The Gli3 Repressor Function is Essential for the Development of the Medial and Intralaminar Nuclei
We have previously shown that the derivatives of the medial pronucleus (the medial and intralaminar nuclei) are specifically lost in Gbx2 mutants (Szabo et al., 2009b). Early Gbx2 expression defines the entire thalamic neuroepithelium (Martinez-de-la-Torre et al., 2002; Hashimoto-Torii et al., 2003), and the whole thalamus is derived from the Gbx2 lineage (Chen et al., 2009). Around midgestation, however, Gbx2 expression becomes restricted to a thalamic region including mostly the neurons of the medial and intralaminar group (Lein et al., 2007). We show that Gbx2 expression is severely reduced in the Gli3Xt/Xt mutant at E12.5. In keeping with this reduction, the medial and intralaminar nuclei appear to be almost absent in the Gli3Xt/Xt mutant thalamus. It would also be possible that the development of the medial and intralaminar nuclei is rescued in the Gli2zfd/zfd mutant by Gli3A. However, since other rostral thalamic nuclei are affected in the Gli2zfd/zfd mutant, and the medial and intralaminar nuclei are not affected in mutants deficient in neuroepithelial Shh (Szabo et al., 2009b), we do not think that a Gli3 activator function is at work here.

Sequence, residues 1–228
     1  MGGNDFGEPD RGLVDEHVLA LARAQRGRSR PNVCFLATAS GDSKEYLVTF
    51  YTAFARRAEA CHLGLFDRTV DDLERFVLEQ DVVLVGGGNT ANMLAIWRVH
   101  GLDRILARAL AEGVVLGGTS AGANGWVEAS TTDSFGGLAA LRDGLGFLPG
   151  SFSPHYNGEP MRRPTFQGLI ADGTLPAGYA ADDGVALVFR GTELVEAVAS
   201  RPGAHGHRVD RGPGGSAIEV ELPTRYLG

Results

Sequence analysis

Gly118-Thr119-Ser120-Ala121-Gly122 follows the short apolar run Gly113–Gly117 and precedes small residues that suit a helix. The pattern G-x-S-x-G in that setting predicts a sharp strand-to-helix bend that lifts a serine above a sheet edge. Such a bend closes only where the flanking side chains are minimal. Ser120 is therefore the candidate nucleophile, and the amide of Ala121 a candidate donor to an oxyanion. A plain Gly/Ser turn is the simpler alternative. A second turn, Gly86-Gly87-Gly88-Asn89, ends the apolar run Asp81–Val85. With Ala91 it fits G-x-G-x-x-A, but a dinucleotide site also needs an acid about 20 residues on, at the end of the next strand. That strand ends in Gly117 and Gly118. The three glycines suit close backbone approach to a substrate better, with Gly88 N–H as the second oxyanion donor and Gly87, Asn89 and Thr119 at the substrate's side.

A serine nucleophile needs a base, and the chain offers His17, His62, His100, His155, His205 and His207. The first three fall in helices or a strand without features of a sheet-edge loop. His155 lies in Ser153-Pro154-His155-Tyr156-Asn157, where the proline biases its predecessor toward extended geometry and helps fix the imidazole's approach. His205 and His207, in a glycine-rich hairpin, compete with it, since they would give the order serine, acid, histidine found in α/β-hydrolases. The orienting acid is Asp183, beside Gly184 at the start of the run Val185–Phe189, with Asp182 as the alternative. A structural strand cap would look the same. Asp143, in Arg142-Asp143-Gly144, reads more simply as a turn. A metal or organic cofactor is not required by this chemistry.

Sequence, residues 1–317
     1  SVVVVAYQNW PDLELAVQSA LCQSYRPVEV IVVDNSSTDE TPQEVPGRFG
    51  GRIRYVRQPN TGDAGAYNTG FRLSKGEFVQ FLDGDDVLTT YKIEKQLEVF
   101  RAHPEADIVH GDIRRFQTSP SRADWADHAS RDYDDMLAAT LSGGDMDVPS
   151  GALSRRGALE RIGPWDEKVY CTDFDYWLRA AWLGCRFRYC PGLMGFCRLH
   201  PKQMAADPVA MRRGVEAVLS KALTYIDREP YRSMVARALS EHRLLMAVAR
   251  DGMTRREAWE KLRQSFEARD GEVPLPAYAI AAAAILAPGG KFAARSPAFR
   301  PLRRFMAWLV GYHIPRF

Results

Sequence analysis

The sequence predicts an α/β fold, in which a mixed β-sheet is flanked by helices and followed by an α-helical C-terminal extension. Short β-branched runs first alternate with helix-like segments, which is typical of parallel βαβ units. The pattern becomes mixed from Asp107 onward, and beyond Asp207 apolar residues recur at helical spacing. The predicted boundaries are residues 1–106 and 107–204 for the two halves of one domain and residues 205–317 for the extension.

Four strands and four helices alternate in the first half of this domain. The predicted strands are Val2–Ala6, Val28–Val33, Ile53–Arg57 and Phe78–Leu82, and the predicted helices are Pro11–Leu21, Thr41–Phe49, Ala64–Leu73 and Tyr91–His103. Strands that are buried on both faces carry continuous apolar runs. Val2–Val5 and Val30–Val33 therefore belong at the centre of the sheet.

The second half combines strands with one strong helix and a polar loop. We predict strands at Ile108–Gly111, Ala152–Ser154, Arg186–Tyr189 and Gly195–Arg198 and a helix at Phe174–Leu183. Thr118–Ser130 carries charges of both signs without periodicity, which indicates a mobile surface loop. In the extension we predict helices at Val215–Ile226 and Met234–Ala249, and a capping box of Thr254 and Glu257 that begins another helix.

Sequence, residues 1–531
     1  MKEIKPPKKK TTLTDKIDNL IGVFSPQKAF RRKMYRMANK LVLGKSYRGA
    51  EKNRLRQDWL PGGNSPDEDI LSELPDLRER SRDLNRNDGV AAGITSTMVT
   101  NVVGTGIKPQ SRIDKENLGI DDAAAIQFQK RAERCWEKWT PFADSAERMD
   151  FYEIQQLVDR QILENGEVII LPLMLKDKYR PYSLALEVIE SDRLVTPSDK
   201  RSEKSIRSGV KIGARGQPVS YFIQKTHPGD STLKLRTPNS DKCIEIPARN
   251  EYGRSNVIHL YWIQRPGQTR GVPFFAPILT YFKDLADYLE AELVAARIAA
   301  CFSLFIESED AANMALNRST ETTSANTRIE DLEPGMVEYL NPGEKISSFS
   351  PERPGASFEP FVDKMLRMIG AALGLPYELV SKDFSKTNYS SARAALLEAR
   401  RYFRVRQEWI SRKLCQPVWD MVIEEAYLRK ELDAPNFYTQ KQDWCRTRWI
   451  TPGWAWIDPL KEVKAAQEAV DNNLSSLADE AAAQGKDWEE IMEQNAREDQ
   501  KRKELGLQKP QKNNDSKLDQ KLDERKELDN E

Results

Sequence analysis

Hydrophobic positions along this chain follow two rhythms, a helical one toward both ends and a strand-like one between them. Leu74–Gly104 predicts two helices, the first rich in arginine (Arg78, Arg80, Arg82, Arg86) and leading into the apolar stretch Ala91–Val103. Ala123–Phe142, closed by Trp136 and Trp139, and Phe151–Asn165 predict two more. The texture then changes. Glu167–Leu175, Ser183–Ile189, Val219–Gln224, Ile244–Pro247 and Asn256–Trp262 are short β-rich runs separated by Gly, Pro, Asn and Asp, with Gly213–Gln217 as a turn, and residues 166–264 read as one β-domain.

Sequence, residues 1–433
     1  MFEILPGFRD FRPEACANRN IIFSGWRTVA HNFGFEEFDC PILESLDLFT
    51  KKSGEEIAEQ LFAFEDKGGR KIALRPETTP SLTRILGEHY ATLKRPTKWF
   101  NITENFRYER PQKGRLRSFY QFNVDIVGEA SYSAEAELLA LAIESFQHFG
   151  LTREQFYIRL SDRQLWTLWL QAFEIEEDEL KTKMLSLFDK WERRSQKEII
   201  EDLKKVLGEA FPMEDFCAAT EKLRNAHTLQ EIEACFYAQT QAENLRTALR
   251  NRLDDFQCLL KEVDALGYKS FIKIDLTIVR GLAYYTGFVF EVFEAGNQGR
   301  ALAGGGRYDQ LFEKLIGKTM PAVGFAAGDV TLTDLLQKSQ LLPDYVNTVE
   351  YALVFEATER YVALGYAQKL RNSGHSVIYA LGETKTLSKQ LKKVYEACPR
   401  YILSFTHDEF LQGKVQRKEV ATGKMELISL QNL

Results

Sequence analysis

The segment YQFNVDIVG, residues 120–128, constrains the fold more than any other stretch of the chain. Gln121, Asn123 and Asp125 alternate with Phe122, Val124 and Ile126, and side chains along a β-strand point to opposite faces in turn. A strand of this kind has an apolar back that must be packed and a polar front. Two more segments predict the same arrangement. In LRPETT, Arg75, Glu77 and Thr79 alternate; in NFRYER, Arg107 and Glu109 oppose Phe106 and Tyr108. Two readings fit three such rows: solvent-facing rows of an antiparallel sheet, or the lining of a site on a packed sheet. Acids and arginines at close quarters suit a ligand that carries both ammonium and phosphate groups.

These data indicate that thalamic specification depends not only on the Shh pathway but rather on the interplay between this and other signaling systems like the Wnt and Fgf8 pathways (Zhou et al., 2004; Kataoka and Shimogori, 2008; Bluske et al., 2009; Martinez-Ferre and Martinez, 2009; Quinlan et al., 2009), possibly even in cooperation (Rash and Grove, 2011). Since, as we show, expression of transcriptional repressor Hes1, a Notch effector, specifically labels a thalamic nuclear group at E18.5 (see also Lein et al., 2007), the Notch pathway is also a candidate to be involved in thalamic specification and differentiation. Additionally, all or some of these pathways could act through regulating the activity of proneural genes (Scholpp et al., 2009).
Shh vs Gli3 in the Dorsal Diencephalon: A Thalamic Prepattern?